The Crypto-Constitution-Catastrophe… does anyone know how any of this works?
Crypto-mania is still going strong and the jealousy-inducing headlines keep coming… but as evidence that many of us still have no idea how it all works, I present the following mess (I’ll preface this with – there are a lot of strange terms, so I hope I don’t lose you):
Last week, a group of “investors” pooled their resources… I used quotes as the term investor is being used loosely in this case. In the crypto world, there is something called a DAO or Decentralized Autonomous Organization – essentially they are like social clubs online, and in some cases each member contributes money to make a purchase collectively.
In this instance, the ConstitutionDAO (I haven’t been able to find how many members there are) set out to raise money to buy a copy of the Constitution that was up for sale at Sotheby’s. In a shockingly short amount of time, the ConstitutionDAO had 11,000 Eth contributed towards the effort – approximately $45 million!
From the beginning, it was made clear that those who contributed would not earn a fractional ownership, but would be given tokens which allowed the group to vote on what would happen with the copy of the Constitution after it was purchased – the tokens were called $PEOPLE, and each Eth donated would be compensated with 1 million $PEOPLE (Trust me, I know it’s getting weird and it gets worse).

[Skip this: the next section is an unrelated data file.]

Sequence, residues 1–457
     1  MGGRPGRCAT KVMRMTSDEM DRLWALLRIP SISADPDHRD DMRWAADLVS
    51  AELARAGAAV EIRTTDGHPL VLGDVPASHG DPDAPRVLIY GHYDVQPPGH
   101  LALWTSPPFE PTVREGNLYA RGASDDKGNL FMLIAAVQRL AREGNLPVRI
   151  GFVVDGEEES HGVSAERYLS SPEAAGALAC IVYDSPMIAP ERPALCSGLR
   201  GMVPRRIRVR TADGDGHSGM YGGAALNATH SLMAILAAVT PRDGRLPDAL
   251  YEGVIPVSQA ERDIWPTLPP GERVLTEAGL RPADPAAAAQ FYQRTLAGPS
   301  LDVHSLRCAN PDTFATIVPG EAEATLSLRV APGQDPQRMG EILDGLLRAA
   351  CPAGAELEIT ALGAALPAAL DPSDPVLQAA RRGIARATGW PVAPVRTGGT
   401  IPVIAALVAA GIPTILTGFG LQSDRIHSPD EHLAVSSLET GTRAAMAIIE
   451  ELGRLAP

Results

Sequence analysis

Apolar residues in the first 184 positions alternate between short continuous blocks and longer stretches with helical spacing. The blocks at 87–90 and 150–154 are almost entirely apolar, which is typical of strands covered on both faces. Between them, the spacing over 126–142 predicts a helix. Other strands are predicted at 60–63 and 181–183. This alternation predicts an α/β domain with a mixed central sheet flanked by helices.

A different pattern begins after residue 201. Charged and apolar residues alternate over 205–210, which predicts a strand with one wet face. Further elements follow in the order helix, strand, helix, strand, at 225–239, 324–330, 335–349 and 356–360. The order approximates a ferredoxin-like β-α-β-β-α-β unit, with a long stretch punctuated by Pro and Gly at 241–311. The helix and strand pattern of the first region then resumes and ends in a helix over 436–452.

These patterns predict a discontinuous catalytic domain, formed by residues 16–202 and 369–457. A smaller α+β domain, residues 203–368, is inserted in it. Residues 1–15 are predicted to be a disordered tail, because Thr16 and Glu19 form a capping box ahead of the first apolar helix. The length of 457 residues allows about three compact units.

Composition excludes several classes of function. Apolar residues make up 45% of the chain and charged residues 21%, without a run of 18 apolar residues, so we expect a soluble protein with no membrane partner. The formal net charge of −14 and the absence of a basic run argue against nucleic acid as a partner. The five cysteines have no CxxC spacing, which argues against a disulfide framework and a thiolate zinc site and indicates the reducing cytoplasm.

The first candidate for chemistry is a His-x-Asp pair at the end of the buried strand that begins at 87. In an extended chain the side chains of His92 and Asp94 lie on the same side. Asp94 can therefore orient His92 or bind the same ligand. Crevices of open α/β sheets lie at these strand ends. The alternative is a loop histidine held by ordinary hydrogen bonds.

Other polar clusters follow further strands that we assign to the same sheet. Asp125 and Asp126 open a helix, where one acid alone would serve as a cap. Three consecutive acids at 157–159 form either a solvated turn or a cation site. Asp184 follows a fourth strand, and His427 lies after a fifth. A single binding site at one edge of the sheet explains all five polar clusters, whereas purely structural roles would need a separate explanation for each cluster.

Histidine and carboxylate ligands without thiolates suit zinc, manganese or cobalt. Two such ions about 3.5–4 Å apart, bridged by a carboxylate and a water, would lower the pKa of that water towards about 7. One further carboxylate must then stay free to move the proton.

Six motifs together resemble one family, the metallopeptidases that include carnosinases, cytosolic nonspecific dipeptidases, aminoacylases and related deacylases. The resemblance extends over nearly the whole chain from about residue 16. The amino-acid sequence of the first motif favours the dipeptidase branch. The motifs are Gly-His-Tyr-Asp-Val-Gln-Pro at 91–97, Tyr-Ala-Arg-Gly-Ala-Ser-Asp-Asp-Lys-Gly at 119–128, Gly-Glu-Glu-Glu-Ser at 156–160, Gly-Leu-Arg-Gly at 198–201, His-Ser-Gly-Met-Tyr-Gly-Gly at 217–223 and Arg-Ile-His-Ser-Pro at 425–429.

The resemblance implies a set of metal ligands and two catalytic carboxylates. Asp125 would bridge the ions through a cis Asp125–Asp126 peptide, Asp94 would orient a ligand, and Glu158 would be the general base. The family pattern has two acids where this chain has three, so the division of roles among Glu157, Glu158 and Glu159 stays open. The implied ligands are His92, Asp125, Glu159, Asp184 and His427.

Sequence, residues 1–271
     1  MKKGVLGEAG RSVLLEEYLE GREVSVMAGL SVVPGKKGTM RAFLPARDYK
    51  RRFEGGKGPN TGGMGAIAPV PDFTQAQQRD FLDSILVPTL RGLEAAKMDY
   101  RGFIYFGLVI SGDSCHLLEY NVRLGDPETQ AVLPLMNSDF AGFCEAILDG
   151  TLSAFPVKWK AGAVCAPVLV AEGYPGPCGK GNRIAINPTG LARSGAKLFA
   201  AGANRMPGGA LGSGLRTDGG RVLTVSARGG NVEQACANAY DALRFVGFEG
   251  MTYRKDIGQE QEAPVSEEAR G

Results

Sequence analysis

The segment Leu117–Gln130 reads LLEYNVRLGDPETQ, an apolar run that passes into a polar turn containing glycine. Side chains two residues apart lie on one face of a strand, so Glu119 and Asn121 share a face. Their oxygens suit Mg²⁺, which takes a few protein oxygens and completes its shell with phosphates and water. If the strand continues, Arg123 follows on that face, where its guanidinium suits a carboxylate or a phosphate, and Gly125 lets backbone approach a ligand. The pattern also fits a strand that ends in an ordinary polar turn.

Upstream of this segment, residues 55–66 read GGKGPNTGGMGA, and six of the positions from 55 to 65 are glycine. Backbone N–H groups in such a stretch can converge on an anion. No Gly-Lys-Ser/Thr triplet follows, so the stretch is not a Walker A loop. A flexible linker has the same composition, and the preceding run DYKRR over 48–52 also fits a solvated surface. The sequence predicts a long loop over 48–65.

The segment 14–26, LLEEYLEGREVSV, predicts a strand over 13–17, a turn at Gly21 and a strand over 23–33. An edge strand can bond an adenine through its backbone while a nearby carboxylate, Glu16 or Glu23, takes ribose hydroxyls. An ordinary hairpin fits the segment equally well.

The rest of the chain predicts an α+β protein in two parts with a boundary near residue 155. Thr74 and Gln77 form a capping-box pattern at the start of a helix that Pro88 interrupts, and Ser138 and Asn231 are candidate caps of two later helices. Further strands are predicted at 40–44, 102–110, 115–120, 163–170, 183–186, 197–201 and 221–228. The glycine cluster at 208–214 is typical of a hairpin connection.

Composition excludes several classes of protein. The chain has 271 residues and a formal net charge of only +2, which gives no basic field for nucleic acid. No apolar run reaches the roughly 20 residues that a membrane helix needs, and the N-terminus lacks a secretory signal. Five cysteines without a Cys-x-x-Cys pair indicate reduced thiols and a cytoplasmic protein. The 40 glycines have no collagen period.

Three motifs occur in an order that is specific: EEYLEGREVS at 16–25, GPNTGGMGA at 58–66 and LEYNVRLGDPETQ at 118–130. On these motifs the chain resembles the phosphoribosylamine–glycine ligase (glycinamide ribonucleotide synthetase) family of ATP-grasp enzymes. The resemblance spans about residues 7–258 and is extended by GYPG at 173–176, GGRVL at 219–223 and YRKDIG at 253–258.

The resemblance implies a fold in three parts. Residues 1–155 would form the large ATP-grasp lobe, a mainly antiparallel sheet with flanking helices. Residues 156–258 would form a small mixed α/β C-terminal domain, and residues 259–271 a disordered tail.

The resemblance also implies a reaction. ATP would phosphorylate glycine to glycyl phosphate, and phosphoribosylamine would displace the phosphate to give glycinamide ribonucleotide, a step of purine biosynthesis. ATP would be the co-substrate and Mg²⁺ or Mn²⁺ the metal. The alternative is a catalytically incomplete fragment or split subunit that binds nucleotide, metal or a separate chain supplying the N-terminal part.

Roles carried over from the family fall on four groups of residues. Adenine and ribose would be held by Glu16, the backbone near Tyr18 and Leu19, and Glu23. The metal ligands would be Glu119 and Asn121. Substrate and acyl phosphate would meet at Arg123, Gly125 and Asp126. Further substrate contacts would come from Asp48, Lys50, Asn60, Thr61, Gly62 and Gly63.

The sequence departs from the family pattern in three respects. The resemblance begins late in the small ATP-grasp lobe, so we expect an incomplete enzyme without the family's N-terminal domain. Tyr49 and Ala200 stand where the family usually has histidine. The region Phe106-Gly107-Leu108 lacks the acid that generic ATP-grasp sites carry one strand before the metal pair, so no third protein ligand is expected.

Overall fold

Now fast forward to the auction… $45 million should have been enough to secure the auction win, until it wasn’t. That’s when the madness began to unfold… one issue which was seemingly not considered: is in the event they were unsuccessful, how would funds be returned? Well, a real world crypto lesson is that there are something called “gas fees” and when you interact with the blockchain, you are charged those fees… and if you made a small donation, the fees to return the money may be more than the original donation. Simply put, it was more expensive to get your money back than to take the loss… remember, we’re talking a collective $45 million.
To make matters worse, the group never formally structured the voting system for the $PEOPLE tokens they distributed, and after they lost the auction it was announced that the group leaders were developing a new token. So, each person who contributed was left with some amount of a worthless digital currency. As you could imagine, a lot of people were angry… and in response, the group scrapped the new token and reverted back to the original plan of returning funds. So to be clear, the $PEOPLE token went from a volatile speculation, to totally worthless, then back to possibly valuable within 24-hours.
The part that makes it all the more ridiculous is a DAO is supposed to be completely democratic and transparent, but without a voting system in place it continues to be governed by a small anonymous group… which brings me back to my original question of – does anyone know how any of this works?
In case you are wondering, the winning bidder was Citadel’s Kenneth Griffin. He will be loaning it to Crystal Bridges Museum of American Art in Bentonville, Ark.